• White chocolate doesn’t contain any cocoa solids at all, but it is made with cocoa butter, so it’s more prone to burning as it’s being melted. It scorches at around 44 degrees Celsius, so be extra careful if you want to use it for your 3D printer. You can mix and match all the types of chocolate for whatever combination of properties you need in your finished product.

3D Printer Chocolate

What equipment do I need?

Although you can outfit a regular 3D printer with several of the necessary details needed to convert it to a 3D food printer, chocolate itself takes some extra considerations, so it’s generally worth it to find a printer that is specifically equipped for the job.

  • Syringe extruder. First and foremost, you’re going to have to find an extruder that works like a syringe dispenser rather than a traditional 3D printing extruder. This is going to be the easiest modification you can make – there are detachable versions you can pop onto your current 3D printing rig, and there are even plenty of open source designs if you want to go meta and print your own printer extruder. However, if you have the rest of the necessary adjustments on your printer and just need to switch out your heating head, remember to find one that is heat resistant to the temperatures you’ll need for chocolate and FDA rated as a surface that’s safe to eat from. This will be easy if you’re working with a premade spout – they know what’s up – but if you’re printing your own, pay attention to the materials you’re using. The money you save will not be worth a broken hot head or plastics poisoning.
  • Material cartridge. Chocolate is a building material that needs to stay liquid while you’re using it, and unfortunately nobody’s figure out a way to liquify only the parts that are printing. And for an added wrinkle, chocolate can’t stay at the correct consistency without constant heating – unlike that frosting you’re eyeing, or mashed potatoes, which are both molecularly stable and liquid enough to run through a food extruder at room temperature. So for chocolate, you have to find a printer that has a material warmer that will keep it at the exact right temperature for 3D printing the whole time you’re using it. That’s easier than it sounds – many chefs and 3D printing engineers alike have wondered about it before you, so there are a lot of options for either a rig to add to your current printer or a printer that’s devoted exclusively towards chocolate. We recommend the latter, not only because it already has all the necessary accessories integrated into its design, but because it was built with chocolate specifications in mind, so you don’t have to worry about your regular 3D printer not being able to handle the adjustments needed.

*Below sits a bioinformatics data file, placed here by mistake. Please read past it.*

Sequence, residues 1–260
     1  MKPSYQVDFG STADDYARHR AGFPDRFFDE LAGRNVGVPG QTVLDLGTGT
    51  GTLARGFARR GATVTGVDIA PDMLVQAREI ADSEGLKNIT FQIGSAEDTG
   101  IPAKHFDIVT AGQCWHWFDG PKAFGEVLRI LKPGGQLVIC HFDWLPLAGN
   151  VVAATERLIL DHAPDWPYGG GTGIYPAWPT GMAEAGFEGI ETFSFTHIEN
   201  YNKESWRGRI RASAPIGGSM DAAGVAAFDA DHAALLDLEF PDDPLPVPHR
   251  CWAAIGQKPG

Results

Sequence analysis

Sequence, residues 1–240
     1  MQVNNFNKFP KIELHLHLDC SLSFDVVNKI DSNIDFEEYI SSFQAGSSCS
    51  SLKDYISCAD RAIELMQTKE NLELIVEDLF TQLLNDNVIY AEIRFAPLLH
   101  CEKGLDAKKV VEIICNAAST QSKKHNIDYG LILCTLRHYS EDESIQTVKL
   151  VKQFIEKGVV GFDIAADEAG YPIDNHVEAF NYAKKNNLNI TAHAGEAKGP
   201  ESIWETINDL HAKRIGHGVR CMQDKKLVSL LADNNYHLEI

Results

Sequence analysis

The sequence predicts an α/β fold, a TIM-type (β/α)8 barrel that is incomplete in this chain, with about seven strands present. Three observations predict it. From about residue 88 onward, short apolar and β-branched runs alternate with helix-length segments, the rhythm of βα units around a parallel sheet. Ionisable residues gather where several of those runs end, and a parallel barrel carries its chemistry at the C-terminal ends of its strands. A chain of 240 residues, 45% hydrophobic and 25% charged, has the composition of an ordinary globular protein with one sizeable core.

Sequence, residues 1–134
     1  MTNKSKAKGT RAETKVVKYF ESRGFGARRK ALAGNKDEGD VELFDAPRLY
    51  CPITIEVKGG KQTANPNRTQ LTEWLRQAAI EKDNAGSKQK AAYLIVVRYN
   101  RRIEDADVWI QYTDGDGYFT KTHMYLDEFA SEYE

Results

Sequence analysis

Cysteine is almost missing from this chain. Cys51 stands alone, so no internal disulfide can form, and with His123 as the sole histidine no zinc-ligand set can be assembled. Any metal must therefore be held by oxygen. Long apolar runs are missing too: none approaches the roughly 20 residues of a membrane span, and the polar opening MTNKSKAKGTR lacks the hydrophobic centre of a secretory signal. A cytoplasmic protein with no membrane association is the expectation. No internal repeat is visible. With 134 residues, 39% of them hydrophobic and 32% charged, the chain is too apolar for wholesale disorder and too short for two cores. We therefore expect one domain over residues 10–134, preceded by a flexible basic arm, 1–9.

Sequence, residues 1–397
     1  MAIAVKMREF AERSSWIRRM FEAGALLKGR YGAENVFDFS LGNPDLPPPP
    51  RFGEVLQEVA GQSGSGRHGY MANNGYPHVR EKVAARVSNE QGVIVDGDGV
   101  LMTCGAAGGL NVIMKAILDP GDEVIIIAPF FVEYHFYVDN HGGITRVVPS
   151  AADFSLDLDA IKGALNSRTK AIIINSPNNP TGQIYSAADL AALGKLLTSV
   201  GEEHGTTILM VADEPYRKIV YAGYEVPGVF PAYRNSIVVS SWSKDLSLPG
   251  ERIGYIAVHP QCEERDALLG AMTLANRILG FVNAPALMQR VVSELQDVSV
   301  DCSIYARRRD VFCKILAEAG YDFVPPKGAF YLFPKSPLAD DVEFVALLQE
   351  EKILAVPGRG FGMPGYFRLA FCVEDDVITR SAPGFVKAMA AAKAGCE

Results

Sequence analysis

• Cooling fan. This is a vital addition to your chocolate 3D printing setup. If you’re shopping for a printer that can specifically print with chocolate, don’t believe it unless it has a fan built in to cool the chocolate as it goes. This isn’t an add-on that would be nice to have, or even just makes the process easier for you – this is necessary to keep your printed chocolate in its shape throughout the printing processes. Otherwise, you’ll end up with a broken mess of a chocolate shell. Cooling fans are such a simple yet complete fix.

Some Final Thoughts: How to Find the Best Chocolate 3D Printer

Because there are a few very specific needs for 3D printing with chocolate, we recommend buying a printer that is made for this specific purpose. There are a lot OF 3D Printers on the market that range from around $500 for a starter kit to around $6,000 for a full-on kitchen approved rig. Just like when you’re shopping for any 3D printer, know your skill level and be realistic about the use you are going to get out of this. Buying a 3D printer specifically for chocolate might sound like an extravagance, and it is if you aren’t going to be using it enough to justify the cost, but if you have any interest in chocolate 3D printing, you should find a chocolate 3D printer you can borrow or use jointly before deciding.